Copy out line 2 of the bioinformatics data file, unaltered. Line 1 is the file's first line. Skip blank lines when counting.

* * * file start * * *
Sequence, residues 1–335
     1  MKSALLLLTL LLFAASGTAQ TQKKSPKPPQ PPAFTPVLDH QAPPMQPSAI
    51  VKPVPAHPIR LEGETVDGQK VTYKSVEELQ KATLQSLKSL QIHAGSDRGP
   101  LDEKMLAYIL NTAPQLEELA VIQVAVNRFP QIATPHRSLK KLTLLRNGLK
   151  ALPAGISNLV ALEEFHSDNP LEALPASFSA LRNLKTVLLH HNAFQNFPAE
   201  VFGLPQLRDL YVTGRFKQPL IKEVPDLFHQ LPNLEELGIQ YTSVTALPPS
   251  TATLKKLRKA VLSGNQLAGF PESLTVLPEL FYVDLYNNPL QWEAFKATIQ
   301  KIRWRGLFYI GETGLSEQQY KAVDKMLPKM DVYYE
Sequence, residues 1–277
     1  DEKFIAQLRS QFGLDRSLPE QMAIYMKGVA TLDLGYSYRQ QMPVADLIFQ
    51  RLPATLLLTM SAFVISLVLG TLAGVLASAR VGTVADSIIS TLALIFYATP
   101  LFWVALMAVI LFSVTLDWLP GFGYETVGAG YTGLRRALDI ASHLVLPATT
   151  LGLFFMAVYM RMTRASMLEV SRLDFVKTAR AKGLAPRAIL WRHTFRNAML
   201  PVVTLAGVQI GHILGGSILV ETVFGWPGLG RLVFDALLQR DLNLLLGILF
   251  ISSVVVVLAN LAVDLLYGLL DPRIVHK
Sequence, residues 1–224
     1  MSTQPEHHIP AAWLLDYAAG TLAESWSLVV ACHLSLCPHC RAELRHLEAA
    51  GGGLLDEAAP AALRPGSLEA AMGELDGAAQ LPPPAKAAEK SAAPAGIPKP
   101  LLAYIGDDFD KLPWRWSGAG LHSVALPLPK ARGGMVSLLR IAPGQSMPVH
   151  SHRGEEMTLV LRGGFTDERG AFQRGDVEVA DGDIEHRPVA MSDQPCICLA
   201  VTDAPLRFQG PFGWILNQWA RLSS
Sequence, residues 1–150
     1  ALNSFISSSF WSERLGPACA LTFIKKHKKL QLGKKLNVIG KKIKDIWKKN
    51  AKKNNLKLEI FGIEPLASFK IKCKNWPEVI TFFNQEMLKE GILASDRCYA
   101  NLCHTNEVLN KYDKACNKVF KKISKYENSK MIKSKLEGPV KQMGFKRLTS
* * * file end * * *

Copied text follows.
     1  MKSALLLLTL LLFAASGTAQ TQKKSPKPPQ PPAFTPVLDH QAPPMQPSAI